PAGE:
The Institute for Policy Studies has released its assessment of the Forbes 400 and found that income inequality in the U.S. has reached an alarming peak. The data shows that the 20 wealthiest individuals in the country have more wealth than the bottom half of the U.S. population combined.
Forbes has been ranking the 400 richest Americans since 1982. Released on Dec. 1, the IPS analysis of this year’s ranking concludes that the U.S. is in danger of becoming a “hereditary aristocracy of wealth and power.”
The data shows that the top 400 wealthiest Americans are doing incredibly well, their combined wealth amounting to $2.34 trillion, which is more than the GDP of India, one of the most populated countries in the world. IPS concludes that these numbers are actually underestimating the wealth of the 1/10th of the richest 1 percent of Americans, due to offshore tax havens that keep much of their money off the books.
IPS finds that among the 20 richest individuals in America, eight are the founders of successful corporations. Among them are Bill Gates of Microsoft, Mark Zuckerberg of Facebook and Phil Knight of Nike. It also found that nine of the top 20 are “heirs to dynastic wealth.”
The IPS analysis also found a clear racial wealth divide growing in the U.S. Its data demonstrates that wealth among African-American and Latino families drastically shrank following the 2008 economic crash.
While African-Americans make up 13.2 percent of the U.S. population, they only own 2.5 percent of the nation’s wealth. Meanwhile, Latinos make up 17 percent of the population while only holding 2.9 percent of the pie, according to IPS.
IPS says this growing inequality poses existential threats to American society. With 158 of the wealthiest donors providing half of all campaign donations in the 2016 presidential election campaigns of both political parties, the voice and vote of most Americans are being undermined. The disparity in wealth also weakens trust in social communities, reduces upward mobility and makes the economy more unstable and unpredictable.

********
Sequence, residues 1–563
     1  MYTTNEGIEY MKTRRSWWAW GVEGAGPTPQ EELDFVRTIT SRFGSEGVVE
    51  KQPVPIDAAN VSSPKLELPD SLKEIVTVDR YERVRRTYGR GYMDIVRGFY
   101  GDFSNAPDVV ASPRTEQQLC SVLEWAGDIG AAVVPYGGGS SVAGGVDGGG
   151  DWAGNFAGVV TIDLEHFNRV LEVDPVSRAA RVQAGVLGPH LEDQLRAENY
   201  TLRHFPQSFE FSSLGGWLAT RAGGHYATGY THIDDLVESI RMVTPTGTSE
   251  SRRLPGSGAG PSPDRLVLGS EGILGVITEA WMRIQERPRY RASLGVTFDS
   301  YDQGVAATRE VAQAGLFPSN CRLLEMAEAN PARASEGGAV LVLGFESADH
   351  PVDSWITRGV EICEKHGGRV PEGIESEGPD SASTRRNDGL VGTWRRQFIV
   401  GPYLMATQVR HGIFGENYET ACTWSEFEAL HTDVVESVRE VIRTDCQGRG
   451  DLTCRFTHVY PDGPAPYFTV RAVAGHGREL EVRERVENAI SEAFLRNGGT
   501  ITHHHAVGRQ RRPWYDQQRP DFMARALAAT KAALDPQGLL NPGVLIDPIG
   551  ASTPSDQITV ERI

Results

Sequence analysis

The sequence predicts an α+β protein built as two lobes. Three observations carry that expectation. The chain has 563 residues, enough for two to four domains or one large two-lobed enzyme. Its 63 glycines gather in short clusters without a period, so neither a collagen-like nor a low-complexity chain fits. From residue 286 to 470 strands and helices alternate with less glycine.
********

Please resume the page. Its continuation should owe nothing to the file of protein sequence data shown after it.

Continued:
Several American billionaires have voiced concern over this growing inequality.
“High levels of inequality are a problem — messing up economic incentives, tilting democracies in favor of powerful interests, and undercutting the ideal that all people are created equal,” says Bill Gates, according to Fortune. “Capitalism does not self-correct toward greater equality — that is, excess wealth concentration can have a snowball effect if left unchecked.”
“If we don’t do something to fix the glaring inequities in this economy, the pitchforks are going to come for us,” says billionaire investor Nick Hanauer, Fortune reports.
Income inequality can lead to devastating social consequences if left completely unchecked. French economist Thomas Piketty recently wrote that economic inequality in the Middle East has contributed to Islamic terrorism, The Huffington Post reports.
Piketty says that many Arab nations are “oil monarchies,” where the richest families own between 60 to 70 percent of the Middle East’s GDP. Couple this with a high rate of unemployment among young people, and you have a disenfranchised population that is more impressionable and vulnerable to radicalization, The Huffington Post reports.
The IPS report recommends that to reverse the income inequality growing in the U.S., a good place to start would be to close the offshore tax havens and billionaire tax havens. It also recommends raising the minimum wage, providing paid sick leave for all Americans and investing more in education.